Military Wives (M) - 112 minutes
Imagine you are the wife or partner or child of a member of the military who is sent off to war.
How would you feel in the lead up to and during the period your loved one is in battle?
Clearly you would be thinking about whether or not he or she would return safely and in one piece.
Military Wives is inspired by the true story of a group of women who have been left behind in just the circumstance I have described.
In their case, their husbands were in Afghanistan.
The wives of the two officers, Kate (Kristin Scott-Thomas) and Lisa (Sharon Horgan), are in a power struggle.
They take a totally difference approach – Lisa is populist and impromptu, Kate highbrow and proper.
What they have in common though is a desire to keep the other women busy, distracted and engaged.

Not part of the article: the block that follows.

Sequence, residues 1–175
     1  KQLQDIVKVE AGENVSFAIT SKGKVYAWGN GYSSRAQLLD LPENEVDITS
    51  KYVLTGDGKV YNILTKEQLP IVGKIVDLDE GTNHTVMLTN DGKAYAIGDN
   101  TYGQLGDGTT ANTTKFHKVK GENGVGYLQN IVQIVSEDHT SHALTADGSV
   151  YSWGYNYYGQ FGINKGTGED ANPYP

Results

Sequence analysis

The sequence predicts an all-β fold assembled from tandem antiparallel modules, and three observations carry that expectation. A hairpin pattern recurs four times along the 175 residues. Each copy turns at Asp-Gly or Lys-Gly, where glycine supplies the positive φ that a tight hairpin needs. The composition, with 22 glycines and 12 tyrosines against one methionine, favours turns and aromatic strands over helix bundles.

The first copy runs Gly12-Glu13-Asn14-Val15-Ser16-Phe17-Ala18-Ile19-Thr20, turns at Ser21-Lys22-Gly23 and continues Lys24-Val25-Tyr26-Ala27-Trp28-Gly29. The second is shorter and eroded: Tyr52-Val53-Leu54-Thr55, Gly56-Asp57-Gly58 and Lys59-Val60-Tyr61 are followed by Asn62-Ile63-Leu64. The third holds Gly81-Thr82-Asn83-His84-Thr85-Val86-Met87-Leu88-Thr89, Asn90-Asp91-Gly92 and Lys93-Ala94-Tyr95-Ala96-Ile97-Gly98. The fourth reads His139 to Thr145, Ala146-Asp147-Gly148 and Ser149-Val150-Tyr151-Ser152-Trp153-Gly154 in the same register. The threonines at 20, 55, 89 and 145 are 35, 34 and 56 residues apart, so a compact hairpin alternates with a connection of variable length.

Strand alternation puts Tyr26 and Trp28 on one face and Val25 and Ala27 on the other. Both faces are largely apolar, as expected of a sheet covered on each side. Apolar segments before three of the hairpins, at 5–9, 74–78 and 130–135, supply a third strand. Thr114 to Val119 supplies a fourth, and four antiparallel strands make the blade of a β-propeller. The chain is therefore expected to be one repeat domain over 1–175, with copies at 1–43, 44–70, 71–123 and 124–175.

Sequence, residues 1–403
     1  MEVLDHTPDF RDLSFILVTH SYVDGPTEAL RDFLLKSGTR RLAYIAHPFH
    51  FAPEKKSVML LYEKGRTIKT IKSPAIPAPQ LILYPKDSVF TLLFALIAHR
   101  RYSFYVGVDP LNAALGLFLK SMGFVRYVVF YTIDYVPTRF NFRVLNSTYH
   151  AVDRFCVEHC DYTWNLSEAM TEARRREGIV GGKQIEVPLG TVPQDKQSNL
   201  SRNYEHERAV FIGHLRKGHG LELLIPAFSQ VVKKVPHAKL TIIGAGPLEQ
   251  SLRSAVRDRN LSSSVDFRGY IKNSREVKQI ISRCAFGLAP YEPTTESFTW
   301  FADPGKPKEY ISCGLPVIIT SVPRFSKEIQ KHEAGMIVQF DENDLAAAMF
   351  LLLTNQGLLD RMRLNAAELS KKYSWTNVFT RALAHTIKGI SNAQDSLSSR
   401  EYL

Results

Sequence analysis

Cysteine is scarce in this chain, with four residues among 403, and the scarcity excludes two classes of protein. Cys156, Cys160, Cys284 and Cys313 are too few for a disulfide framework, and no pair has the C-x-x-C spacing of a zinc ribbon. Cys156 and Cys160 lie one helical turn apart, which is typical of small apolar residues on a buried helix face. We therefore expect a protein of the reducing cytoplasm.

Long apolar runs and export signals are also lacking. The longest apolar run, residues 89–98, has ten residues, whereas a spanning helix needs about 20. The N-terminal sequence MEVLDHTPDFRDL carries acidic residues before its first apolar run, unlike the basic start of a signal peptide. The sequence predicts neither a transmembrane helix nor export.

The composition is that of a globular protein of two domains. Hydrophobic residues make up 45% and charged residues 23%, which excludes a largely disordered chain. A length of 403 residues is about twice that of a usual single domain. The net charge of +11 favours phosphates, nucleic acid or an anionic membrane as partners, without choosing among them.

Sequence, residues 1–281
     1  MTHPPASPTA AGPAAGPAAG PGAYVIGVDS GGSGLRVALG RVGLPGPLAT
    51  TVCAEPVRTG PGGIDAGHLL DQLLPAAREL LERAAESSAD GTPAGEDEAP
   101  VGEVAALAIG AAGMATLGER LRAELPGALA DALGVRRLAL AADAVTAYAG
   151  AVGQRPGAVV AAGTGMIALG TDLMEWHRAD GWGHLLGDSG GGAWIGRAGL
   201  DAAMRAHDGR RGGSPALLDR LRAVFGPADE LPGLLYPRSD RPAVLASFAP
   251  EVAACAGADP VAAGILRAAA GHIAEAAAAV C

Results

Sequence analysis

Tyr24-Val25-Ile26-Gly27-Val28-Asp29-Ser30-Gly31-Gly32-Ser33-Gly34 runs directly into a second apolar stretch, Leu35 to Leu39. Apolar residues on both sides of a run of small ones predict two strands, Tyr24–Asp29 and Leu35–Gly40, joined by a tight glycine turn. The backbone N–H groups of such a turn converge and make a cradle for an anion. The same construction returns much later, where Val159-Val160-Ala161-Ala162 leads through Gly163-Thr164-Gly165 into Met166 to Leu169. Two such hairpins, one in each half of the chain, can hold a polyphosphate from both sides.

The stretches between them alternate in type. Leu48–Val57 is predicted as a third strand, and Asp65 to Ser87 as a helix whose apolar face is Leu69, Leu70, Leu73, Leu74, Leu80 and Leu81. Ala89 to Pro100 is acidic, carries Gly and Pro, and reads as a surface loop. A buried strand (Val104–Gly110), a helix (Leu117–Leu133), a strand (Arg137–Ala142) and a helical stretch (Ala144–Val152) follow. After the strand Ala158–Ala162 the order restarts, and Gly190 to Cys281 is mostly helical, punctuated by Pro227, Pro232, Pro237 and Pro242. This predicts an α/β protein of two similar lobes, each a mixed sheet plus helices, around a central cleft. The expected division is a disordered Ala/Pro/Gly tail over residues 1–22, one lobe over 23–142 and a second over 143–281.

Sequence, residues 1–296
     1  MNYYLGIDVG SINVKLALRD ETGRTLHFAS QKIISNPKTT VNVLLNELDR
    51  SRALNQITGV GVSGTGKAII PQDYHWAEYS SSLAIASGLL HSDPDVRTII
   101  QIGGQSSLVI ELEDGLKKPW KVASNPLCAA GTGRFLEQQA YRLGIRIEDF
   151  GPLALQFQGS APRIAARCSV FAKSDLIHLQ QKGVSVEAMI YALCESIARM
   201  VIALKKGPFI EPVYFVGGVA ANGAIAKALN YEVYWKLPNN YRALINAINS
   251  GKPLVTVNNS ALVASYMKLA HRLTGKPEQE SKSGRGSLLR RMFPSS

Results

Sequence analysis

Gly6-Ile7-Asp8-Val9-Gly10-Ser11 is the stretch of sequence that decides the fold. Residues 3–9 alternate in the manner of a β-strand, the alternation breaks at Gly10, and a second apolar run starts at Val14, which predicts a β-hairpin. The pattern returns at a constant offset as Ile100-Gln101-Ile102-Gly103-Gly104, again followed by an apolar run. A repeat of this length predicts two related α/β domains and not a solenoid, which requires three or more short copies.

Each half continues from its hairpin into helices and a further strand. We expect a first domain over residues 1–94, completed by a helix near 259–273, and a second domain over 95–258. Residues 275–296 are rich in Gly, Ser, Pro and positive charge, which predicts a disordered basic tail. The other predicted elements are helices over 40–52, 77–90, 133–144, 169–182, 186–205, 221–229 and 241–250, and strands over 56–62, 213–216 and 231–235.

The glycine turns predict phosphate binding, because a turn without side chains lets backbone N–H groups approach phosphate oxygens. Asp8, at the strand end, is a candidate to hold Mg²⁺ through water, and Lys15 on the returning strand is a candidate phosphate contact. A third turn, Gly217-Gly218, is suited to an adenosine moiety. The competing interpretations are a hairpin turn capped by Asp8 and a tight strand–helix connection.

To that end, they form a singing group, although – again – they have different ideas of what that means and what they are looking for.
It becomes the first UK military wives’ choir.
From a very shaky start, the songstresses make their presence felt, notwithstanding the fact that the ladies continue to think of their nearest and dearest in battle.
While Kate doesn’t let down her guard and keeps a stiff upper lip, she is still coming to terms with the death of her son.
Lisa, on the other hand, struggles to connect with her teenage daughter, Frankie (India Ria Amarteifio), who is close to her dad and rebels.
Military Wives is too staged managed (or manipulated) to have a full ring of truth to it, but that isn’t to say it doesn’t have impact. I shed tears.
It lurches from dramatic to comedic and sentimental, although it certainly doesn’t dwell on loss.
The two leads are well cast and play convincing adversaries, even if I didn’t really buy their meeting of minds when that happened.
Around them is a colourful troupe of secondary players.
Military Wives could quite easily have been a far more harrowing tale.
Instead, it is pitched as feel good entertainment that many will appreciate.
Not surprising then when you learn it is directed by Peter Cattaneo, who was at the helm of The Full Monty.
Rated M, Military Wives scores a 6½ out of 10.